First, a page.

Taglines: The disguise surprise comedy of the year!
In 1934 Paris, trained coloratura soprano Victoria Grant, a native Brit, can’t get a job as a singer and is having trouble making ends meet. She doesn’t even have enough money for the basics of food and shelter. Gay cabaret singer Carole ‘Toddy’ Todd may befall the same fate as Victoria as he was just fired from his singing gig at a second rate club named Chez Lui.
To solve both their problems, Toddy comes up with what he considers an inspired idea: with Toddy as her manager, Victoria, pretending to be a man, get a job singing as a female impersonator. If they pull this scheme off, Toddy vows Victoria, as her male alter ego, will be the toast of Paris and as such be extremely wealthy. That alter ego they decide is Polish Count Victor Grazinski, Toddy’s ex-lover who was disowned by his family when they found out he was gay. The Count auditions for the city’s leading agent, Andre Cassell, who, impressed, gets him a gig performing in the city’s best nightclub.
Victor/Victoria is a 1982 British-American musical comedy film released by Metro-Goldwyn-Mayer and starring Julie Andrews, James Garner, Robert Preston, Lesley Ann Warren, Alex Karras, and John Rhys-Davies. The film was produced by Tony Adams, directed by Blake Edwards, and scored by Henry Mancini, with lyrics by Leslie Bricusse. It was adapted in 1995 as a Broadway musical. The film was nominated for seven Academy Awards and won the Academy Award for Original Music Score. It is a remake of the 1933 German film Viktor und Viktoria.
About the Story
Set in 1934 Paris, the film opens with Richard di Nardo, a young hustler, emerging from the bed of gay middle-aged Carroll Todd (Robert Preston), aka Toddy; Richard dresses, takes money from Toddy’s wallet and leaves Toddy’s apartment. Going about his day, Toddy, a performer at Chez Lui in Paris, sees Labisse, the club owner, auditioning a frail, impoverished soprano, Victoria Grant (Julie Andrews).
After the audition, Labisse drily writes her off, and she responds by sustaining a pitch to shatter his wine glass using resonant frequency. That night, Richard comes to Chez Lui as part of a straight foursome and Toddy incites a brawl by insulting Richard and the women in his group. Labisse fires Toddy and bans him from the club. Walking home, he spots Victoria dining at a restaurant, and she invites him to join her. As neither of them can pay for the meal, she dumps a cockroach in her salad to avoid paying their check, but it escapes and the whole place breaks out in havoc.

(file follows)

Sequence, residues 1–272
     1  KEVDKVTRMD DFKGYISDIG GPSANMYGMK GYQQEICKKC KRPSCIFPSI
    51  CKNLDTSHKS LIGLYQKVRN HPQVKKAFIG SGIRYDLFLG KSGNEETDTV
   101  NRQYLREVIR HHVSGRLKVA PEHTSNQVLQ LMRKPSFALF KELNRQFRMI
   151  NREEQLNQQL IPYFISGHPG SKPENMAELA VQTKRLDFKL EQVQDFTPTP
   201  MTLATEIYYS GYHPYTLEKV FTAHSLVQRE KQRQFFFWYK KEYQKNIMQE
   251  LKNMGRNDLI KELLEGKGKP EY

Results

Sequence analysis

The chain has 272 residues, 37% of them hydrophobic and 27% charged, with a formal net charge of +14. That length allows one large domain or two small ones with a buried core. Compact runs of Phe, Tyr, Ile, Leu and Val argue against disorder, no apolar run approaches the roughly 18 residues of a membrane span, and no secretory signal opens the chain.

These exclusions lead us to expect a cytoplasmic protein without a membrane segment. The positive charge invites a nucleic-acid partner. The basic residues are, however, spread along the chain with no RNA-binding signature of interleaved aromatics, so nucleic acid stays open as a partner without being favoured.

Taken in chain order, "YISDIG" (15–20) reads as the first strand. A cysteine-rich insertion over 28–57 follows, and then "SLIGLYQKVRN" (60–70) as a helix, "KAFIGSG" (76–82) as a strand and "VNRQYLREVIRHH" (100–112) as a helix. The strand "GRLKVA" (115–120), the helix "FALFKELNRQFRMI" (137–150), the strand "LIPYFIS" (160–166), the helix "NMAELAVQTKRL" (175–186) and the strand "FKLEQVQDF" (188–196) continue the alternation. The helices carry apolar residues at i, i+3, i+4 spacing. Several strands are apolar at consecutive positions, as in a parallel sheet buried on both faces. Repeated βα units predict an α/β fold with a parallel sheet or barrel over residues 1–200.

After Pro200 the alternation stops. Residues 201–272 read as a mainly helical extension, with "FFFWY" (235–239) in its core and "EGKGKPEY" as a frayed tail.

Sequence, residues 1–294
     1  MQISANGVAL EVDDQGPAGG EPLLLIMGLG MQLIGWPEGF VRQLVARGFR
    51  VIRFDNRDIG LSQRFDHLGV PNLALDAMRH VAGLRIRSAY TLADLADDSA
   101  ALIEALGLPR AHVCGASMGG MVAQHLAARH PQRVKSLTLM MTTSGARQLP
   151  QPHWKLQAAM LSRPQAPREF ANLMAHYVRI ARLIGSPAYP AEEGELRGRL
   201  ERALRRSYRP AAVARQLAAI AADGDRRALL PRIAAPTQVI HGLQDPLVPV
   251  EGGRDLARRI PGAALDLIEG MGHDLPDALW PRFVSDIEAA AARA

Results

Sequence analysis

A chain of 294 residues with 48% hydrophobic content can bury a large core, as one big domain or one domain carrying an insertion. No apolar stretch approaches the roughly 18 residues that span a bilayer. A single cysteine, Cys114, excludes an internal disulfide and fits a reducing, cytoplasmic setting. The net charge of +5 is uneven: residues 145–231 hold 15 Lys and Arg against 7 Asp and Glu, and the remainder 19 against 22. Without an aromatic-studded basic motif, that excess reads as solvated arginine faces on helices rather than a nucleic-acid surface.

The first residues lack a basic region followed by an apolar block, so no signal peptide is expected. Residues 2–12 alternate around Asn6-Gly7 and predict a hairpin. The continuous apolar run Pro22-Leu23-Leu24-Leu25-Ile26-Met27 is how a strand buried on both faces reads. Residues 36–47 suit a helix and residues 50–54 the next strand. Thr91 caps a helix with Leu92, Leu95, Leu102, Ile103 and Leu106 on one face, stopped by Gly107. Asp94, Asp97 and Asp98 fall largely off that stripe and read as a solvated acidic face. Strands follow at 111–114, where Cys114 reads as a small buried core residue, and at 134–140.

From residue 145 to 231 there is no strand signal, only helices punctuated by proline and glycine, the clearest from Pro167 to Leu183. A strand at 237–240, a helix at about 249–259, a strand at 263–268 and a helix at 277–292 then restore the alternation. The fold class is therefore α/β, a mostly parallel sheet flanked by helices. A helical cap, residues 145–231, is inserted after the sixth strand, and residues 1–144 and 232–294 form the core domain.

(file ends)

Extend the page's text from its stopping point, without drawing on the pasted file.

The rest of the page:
The duo run out through the rain to Toddy’s, and he invites her to stay when she finds that the rain has shrunk her cheap clothes. The next morning Richard shows up to collect his things. Victoria, who is wearing his clothes, hides in Toddy’s closet. When she thinks that Richard might harm Toddy, she ambushes Richard and literally kicks him out. Witnessing this, Toddy is struck with the inspiration of passing Victoria off as a man (the illusion convinced Richard who stumbles downstairs to his friends waiting in the car claiming a strange man wearing his clothes hit him) and presenting her to Andre Cassell (John Rhys-Davies), the most successful agent in Paris, as a female impersonator.
Cassell accepts her as Count Victor Grazinski, a gay Polish female impersonator and Toddy’s new boyfriend. Cassell gets her a nightclub show and invites a collection of club owners to the opening. Among the guests is King Marchand (James Garner), an owner of multiple clubs in Chicago, who is in league with the mob. King attends with his ditzy moll Norma Cassidy (Lesley Ann Warren) and burly bodyguard Bernstein (Alex Karras), aka Squash. Victor is a hit, and King is smitten, but devastated and incredulous when she is “revealed” as a man at the end of her act. King is convinced that “Victor” is not a man.
Victor Victoria (1982)
Directed by: Blake Edwards
Starring: Julie Andrews, James Garner, Robert Preston, Lesley Ann Warren, Alex Karras, John Rhys-Davies, Graham Stark, Maria Charles
Screenplay by: Blake Edwards
Production Design by: Rodger Maus
Cinematography by: Dick Bush
Film Editing by: Ralph E. Winters
Costume Design by: Patricia Norris
Set Decoration by: Harry Cordwell
Art Direction by: Tim Hutchinson, William Craig Smith
Music by: Henry Mancini
Distributed by: Metro Goldwyn Mayer, United Artists
Release Date: March 16, 1982